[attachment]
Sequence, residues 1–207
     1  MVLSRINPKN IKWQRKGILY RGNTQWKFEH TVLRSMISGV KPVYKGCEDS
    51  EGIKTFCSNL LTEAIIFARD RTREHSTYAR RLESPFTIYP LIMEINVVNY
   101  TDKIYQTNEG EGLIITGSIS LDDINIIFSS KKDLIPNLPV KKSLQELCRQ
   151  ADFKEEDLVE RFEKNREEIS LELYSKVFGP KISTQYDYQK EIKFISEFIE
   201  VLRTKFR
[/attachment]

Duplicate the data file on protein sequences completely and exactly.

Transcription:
Sequence, residues 1–207
     1  MVLSRINPKN IKWQRKGILY RGNTQWKFEH TVLRSMISGV KPVYKGCEDS
    51  EGIKTFCSNL LTEAIIFARD RTREHSTYAR RLESPFTIYP LIMEINVVNY
   101  TDKIYQTNEG EGLIITGSIS LDDINIIFSS KKDLIPNLPV KKSLQELCRQ
   151  ADFKEEDLVE RFEKNREEIS LELYSKVFGP KISTQYDYQK EIKFISEFIE
   201  VLRTKFR